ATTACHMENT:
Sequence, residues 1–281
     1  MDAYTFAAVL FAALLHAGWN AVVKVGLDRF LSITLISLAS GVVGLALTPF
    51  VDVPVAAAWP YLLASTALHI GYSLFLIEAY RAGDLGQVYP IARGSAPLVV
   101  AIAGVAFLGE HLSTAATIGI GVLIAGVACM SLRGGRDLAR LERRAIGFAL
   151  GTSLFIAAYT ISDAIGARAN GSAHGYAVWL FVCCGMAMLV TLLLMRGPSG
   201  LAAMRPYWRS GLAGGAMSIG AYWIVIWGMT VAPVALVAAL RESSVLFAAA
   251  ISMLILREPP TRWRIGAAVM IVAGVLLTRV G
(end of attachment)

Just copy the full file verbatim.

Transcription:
Sequence, residues 1–281
     1  MDAYTFAAVL FAALLHAGWN AVVKVGLDRF LSITLISLAS GVVGLALTPF
    51  VDVPVAAAWP YLLASTALHI GYSLFLIEAY RAGDLGQVYP IARGSAPLVV
   101  AIAGVAFLGE HLSTAATIGI GVLIAGVACM SLRGGRDLAR LERRAIGFAL
   151  GTSLFIAAYT ISDAIGARAN GSAHGYAVWL FVCCGMAMLV TLLLMRGPSG
   201  LAAMRPYWRS GLAGGAMSIG AYWIVIWGMT VAPVALVAAL RESSVLFAAA
   251  ISMLILREPP TRWRIGAAVM IVAGVLLTRV G